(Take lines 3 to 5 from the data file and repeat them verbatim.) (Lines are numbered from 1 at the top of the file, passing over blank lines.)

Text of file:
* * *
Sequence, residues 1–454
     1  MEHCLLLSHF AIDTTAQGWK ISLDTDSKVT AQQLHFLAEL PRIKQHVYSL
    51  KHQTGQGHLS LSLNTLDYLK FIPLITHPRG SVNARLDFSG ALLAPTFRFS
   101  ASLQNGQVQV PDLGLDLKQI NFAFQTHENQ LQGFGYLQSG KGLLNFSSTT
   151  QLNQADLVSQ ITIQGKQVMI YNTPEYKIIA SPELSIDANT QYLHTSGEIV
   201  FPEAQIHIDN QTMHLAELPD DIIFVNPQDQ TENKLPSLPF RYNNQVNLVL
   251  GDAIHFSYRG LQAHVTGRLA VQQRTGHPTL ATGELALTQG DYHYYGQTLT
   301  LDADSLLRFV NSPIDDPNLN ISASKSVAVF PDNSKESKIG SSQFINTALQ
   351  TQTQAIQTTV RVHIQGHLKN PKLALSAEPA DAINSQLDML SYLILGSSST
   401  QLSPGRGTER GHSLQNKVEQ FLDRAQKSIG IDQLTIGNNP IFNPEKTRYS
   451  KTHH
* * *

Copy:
    51  KHQTGQGHLS LSLNTLDYLK FIPLITHPRG SVNARLDFSG ALLAPTFRFS
   101  ASLQNGQVQV PDLGLDLKQI NFAFQTHENQ LQGFGYLQSG KGLLNFSSTT
   151  QLNQADLVSQ ITIQGKQVMI YNTPEYKIIA SPELSIDANT QYLHTSGEIV